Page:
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Regelia cymbifolia facts for kids

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Regelia cymbifolia
Regelia cymbifolia (leaves, flowers).JPG
R. cymbifolia growing near Woogenellup in the Stirling Range area
Conservation status

Priority Four — Rare Taxa (DEC)
Scientific classification

Melaleuca cyathifolia Craven & R.D.Edwards

Regelia cymbifolia is a plant in the myrtle family, Myrtaceae and is endemic to the south-west of Western Australia. It is a much branched shrub bearing tiny, wedge shaped leaves and clusters of deep pink to purple flowers on the ends of its branches in spring.


Regelia cymbifolia is much branched shrub which grows to a height of 2 m (7 ft). The leaves are arranged in alternating pairs (decussate), so that they make four rows along the stems. They are egg-shaped, usually less than 4 mm (0.16 in) long, curved with their lower half pressed against the stem and have a prominent mid-vein.

The flowers are deep pink to purple and arranged in small clusters on the ends of branches which continue to grow after flowering. There are 5 sepals, 5 petals and 5 bundles of stamens. Flowering occurs between August and November and is followed by fruit which are woody capsules.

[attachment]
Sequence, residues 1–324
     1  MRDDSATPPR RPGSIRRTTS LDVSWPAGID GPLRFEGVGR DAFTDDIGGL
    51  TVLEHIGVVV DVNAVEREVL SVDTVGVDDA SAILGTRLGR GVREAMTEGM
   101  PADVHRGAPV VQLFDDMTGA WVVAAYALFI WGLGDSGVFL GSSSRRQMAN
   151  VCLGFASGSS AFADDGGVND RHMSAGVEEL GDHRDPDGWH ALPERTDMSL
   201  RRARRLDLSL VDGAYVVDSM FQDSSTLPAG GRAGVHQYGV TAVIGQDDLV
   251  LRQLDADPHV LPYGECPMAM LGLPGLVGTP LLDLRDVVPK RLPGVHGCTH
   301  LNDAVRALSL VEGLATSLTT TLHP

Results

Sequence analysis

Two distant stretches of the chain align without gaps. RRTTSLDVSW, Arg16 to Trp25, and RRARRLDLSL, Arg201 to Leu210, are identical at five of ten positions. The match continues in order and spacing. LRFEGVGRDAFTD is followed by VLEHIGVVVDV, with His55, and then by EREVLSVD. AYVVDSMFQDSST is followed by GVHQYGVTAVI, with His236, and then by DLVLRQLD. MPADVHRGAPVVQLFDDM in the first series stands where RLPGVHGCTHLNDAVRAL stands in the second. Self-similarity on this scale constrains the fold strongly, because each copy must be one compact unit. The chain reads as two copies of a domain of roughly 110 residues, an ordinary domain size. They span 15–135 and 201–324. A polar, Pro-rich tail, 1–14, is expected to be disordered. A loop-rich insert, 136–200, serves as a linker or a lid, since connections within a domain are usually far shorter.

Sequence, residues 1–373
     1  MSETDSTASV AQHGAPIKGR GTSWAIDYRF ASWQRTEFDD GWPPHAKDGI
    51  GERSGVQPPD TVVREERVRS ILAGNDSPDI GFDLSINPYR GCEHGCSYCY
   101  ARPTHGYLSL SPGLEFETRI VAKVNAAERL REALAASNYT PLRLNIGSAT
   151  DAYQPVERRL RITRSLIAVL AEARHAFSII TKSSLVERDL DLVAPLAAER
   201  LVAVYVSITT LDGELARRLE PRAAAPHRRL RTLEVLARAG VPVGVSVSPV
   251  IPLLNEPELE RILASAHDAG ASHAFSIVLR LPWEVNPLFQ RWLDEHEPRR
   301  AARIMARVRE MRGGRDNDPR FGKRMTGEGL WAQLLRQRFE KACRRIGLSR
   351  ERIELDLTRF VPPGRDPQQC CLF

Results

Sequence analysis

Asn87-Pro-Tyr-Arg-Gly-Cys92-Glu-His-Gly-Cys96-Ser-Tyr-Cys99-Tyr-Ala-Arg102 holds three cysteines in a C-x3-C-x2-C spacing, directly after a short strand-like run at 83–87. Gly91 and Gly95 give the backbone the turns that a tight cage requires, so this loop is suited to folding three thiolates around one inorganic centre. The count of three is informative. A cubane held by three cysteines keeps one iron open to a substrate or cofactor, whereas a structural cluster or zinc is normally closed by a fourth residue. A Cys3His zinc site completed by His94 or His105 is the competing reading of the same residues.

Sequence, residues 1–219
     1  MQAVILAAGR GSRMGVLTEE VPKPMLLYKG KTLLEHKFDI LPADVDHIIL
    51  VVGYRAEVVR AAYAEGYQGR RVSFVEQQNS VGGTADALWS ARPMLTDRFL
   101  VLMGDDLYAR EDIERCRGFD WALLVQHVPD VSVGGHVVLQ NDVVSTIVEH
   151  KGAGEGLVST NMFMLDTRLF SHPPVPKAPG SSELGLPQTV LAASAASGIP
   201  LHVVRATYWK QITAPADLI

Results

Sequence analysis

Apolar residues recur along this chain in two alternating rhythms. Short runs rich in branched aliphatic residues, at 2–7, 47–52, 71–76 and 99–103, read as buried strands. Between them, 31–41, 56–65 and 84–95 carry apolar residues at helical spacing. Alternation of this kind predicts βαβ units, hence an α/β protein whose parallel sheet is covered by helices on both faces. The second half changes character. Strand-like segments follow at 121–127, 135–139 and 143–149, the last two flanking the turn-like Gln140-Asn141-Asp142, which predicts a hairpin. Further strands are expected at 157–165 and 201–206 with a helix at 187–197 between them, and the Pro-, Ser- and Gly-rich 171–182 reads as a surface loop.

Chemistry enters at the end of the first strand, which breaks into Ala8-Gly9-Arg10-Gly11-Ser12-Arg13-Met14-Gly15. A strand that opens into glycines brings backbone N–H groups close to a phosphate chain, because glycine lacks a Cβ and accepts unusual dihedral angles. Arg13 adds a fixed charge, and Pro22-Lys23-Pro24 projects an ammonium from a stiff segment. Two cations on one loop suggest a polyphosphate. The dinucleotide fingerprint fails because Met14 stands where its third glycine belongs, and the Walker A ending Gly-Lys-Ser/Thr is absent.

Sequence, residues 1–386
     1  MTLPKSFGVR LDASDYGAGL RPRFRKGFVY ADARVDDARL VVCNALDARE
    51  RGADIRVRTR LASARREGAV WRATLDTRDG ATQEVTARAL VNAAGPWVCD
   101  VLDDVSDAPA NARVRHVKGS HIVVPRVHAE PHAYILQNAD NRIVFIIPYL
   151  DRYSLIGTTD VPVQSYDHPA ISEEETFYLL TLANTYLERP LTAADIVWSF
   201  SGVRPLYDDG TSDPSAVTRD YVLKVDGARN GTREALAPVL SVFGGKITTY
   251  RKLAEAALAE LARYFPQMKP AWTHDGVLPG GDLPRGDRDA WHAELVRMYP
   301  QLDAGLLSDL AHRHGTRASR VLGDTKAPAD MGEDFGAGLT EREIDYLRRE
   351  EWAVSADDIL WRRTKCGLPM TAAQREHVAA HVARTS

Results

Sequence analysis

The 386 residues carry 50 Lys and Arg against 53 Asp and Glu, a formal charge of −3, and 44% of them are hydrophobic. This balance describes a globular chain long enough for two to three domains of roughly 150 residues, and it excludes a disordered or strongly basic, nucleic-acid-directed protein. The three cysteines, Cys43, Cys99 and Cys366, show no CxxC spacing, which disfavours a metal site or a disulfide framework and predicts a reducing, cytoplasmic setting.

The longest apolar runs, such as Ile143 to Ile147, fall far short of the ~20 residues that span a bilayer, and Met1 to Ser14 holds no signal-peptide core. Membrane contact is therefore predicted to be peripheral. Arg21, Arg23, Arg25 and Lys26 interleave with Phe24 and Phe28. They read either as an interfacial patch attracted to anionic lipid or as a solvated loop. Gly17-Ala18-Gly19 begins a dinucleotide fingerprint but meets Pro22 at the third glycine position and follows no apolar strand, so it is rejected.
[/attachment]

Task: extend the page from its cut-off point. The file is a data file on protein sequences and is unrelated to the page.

Regelia cymbifolia (habit) 02
R. cymbifolia growth habit
Regelia cymbifolia (fruits)
R. cymbifolia fruit

Taxonomy and naming

Regelia cymbifolia was first formally described in 1905 by Ludwig Diels in Botanische Jahrbücher für Systematik, Pflanzengeschichte und Pflanzengeographie and tentatively given the name Beaufortia ? cymbifolia. In 1964, Charles Gardner recognised the specimen as Regelia cymbifolia in Journal of the Royal Society of Western Australia. The specific epithet (cymbifolia) is from the Latin cymba meaning "a boat" and ‑folius meaning "leaved".

Distribution and habitat

Regelia cymbifolia occurs in a restricted area near the Stirling Range in the Avon Wheatbelt, Esperance Plains and Jarrah Forest biogeographic regions. It grows in sand on undulating plains.


Regelia cymbifolia is classified as "Priority Four" by the Western Australian Government Department of Parks and Wildlife meaning that it is rare or near threatened.

Use in horticulture

Regelia cymbifolia is not well known in cultivation but has been grown in Kings Park.

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